Radiation in depth
What is the effect of radiation on astronauts? What damage can it do?
One of the biggest challenges in sending astronauts to destinations beyond the International Space Station, which orbits around the Earth, is protecting them from potentially harmful space radiation.
The types of radiation that an astronaut would be exposed to in space are different from the radiation we are all exposed to on Earth, as life on Earth is protected by the atmosphere and the Earth’s magnetic field.
Space radiation is mostly made up of large subatomic particles that travel at high speeds and carry a large amount of energy. When these energetic particles pass through materials, energy can transfer from the particle to the material and break chemical bonds.
It’s estimated that the amount of energy that can transfer is around six to seven times the amount needed to break the bond between two carbon atoms. Given that carbon is the basis of all (known) life, it’s clear that radiation poses a substantial threat.
The International Space Station’s orbit is close enough to the Earth that astronauts on it are still protected. But on missions to the Moon and other planets, astronauts will be particularly exposed.
Ionising radiation can damage DNA in two different ways. Either the radiation can strike and damage the DNA itself or it can ionise a water molecule in the cell to form a highly reactive molecule called a free radical, which reacts with DNA, causing secondhand damage.
DNA is a complex molecule that carries our genetic information and acts as the instructions for life. This chemical stores a record of the sequence of amino acids required to make the proteins needed by the cell and the organism. DNA is composed of two long strands on which a series of molecular structures, called bases, are attached. It is the order of the bases – of which there are four types – that dictates the amino acid sequence for proteins.
Each base is cross-linked to a complementary base on the other strand. There are four different types of bases: adenine (A), guanine (G), thymine (T) and cytosine (C). The shape of A is complementary to T, and the shape of G is complementary to C, meaning all base pairs are either A paired with T or G paired with C. These base pairs act like rungs of a ladder between the two strands. In humans, the strands are twisted around each other to form the distinctive double-helix shape of DNA.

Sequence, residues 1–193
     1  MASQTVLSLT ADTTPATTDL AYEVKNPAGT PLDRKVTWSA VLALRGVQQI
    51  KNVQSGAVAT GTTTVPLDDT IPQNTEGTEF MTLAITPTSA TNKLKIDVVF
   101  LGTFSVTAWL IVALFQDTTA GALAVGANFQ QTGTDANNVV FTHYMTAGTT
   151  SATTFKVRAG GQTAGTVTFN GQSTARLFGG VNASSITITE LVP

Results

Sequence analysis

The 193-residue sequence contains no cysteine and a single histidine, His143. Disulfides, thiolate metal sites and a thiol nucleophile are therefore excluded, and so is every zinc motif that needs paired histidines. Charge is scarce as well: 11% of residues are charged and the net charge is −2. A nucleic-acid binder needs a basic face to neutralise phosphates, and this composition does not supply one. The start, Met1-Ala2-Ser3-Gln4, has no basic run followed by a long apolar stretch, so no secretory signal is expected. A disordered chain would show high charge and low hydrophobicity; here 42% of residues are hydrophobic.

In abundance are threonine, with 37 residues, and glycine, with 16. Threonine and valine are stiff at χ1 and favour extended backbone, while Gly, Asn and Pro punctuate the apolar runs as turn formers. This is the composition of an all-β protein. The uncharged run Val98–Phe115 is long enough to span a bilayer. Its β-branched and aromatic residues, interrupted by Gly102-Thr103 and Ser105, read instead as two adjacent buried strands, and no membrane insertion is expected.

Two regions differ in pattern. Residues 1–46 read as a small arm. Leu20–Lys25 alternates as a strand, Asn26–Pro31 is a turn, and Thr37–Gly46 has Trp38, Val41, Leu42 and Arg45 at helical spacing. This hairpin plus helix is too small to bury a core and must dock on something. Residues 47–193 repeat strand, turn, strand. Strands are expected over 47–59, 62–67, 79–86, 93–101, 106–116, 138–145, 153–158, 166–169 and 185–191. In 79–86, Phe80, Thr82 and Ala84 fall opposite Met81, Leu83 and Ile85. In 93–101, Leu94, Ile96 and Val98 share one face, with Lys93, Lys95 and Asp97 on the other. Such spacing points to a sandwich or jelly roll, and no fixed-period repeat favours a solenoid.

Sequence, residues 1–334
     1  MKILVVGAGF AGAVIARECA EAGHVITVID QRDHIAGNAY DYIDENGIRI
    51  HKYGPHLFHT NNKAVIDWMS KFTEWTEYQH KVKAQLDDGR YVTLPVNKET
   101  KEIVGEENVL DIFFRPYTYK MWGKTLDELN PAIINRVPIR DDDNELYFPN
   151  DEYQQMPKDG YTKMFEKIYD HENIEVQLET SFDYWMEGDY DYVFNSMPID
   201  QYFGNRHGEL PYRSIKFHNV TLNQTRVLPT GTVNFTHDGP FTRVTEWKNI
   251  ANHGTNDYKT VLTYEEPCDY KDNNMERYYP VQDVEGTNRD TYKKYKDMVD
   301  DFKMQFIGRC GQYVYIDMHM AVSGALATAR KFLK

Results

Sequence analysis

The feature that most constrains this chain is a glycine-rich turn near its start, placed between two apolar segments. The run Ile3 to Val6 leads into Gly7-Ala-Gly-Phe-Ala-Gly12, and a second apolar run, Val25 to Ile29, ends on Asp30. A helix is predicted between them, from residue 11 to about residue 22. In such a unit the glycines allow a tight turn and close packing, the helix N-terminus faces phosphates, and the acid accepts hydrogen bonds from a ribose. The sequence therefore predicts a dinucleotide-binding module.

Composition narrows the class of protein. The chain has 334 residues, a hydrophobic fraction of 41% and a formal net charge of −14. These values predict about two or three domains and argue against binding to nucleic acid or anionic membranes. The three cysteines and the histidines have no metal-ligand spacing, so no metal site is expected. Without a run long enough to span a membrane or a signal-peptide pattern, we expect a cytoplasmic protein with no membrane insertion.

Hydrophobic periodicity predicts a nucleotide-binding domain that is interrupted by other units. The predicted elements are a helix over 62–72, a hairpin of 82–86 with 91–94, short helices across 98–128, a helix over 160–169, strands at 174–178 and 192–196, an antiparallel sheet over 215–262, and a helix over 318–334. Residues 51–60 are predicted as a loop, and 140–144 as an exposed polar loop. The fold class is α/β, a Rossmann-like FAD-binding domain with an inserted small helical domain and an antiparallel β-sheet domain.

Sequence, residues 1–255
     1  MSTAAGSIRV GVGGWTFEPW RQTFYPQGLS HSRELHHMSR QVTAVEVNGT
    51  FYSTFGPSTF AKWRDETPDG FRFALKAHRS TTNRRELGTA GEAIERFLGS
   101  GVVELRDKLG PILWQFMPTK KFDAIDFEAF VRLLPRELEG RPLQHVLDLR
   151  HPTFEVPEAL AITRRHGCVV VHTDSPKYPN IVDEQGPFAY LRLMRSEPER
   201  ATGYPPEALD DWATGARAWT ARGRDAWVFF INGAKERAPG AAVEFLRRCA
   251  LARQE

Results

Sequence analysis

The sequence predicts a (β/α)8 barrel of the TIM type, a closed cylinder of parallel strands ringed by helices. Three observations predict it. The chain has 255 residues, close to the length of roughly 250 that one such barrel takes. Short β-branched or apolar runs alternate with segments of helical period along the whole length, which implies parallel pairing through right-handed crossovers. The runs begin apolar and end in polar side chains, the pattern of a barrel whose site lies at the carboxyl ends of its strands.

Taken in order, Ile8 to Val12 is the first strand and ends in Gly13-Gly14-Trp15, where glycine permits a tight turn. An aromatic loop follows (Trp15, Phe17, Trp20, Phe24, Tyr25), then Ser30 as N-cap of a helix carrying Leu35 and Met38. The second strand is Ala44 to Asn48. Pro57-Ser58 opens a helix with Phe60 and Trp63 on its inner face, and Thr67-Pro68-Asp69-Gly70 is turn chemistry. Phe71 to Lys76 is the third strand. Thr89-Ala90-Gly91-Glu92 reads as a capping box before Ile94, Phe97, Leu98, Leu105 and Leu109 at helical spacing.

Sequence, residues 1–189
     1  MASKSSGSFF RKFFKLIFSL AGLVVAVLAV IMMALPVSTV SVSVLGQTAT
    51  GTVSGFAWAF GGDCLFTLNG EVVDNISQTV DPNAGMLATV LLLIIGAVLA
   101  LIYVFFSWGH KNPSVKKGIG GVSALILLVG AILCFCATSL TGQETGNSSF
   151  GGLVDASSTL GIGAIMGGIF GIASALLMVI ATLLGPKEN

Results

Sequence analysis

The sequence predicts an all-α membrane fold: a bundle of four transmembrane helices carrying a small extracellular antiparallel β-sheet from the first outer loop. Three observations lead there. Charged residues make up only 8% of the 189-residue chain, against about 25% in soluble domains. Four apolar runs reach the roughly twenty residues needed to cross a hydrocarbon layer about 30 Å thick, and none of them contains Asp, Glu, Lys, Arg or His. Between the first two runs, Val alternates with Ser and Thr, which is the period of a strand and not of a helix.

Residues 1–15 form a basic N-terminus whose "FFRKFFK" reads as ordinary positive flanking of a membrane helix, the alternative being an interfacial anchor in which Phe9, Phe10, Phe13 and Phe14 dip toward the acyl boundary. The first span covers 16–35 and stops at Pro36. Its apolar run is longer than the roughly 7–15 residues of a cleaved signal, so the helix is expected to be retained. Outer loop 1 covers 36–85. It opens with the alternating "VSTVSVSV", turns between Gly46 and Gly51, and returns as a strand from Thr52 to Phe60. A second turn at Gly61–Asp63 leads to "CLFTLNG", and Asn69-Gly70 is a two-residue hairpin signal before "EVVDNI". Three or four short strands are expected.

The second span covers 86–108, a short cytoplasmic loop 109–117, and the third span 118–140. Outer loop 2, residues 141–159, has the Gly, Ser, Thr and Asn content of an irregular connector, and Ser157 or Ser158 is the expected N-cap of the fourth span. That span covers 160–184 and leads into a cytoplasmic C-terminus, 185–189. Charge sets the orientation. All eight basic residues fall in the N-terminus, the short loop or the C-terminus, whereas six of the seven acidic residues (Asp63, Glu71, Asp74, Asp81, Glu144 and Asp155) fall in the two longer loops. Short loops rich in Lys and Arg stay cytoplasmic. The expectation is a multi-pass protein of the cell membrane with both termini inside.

There are different ways DNA can be damaged, but breaks in the long strands are the most disruptive.
If there is a break in one of the two strands, the cell can easily repair it by using the second strand as a template and following the pairing rules A–T and G–C.
However, if there is a break in both strands, then repair becomes more difficult. The cell can make mistakes by incorrectly connecting the ends. Enzymes will sometimes ‘clean’ the broken ends, removing one or more of the bases before they are reconnected. If two double breaks occur, the two outer ends may be reconnected, meaning the fragment between the breaks is lost.
‘Big Picture’/Bret Syfert
When the DNA damage is not correctly repaired, the base-pair sequence is permanently altered, which can change the sequence of amino acids that will be used when the cell makes a protein. This permanent change to DNA is called a mutation.
There are different types:
- base substitution (when a base changes to a different base type)
- base deletion (when a base is removed and not replaced)
- base insertion (when an extra base is added).
Effect on the body
Often the mutation will be so damaging that the individual cell will die. Cell death may not have a significant effect on the body, as most of our cells can be replaced.
However, if the body is exposed to a large amount of radiation over a short time and many cells are killed, this can cause acute effects, which occur soon after the exposure. Acute effects can be mild or severe, temporary or permanent – from nausea to nervous system damage or even death.
When a cell’s DNA has mutated but the cell does not die, there can still be implications for health. If the mutation changes the part of DNA that provides instructions for making proteins, the cell may stop producing important proteins or start producing proteins that are damaging to the cell or the wider body.
The mutation may prevent the cell from reproducing, which usually will not have a significant effect on the body, or it may cause the cell to reproduce uncontrollably. This uncontrollable reproduction can lead to cancer.
The more radiation an organism is exposed to, the higher the risk that it will develop cancer over its lifetime, which is a primary concern when considering the effect of radiation on astronauts. This danger may seem surprising, given radiation’s role in modern medicine to treat cancer. But when used as a treatment, radiation is finely controlled and targeted to try to kill only the cancerous cells.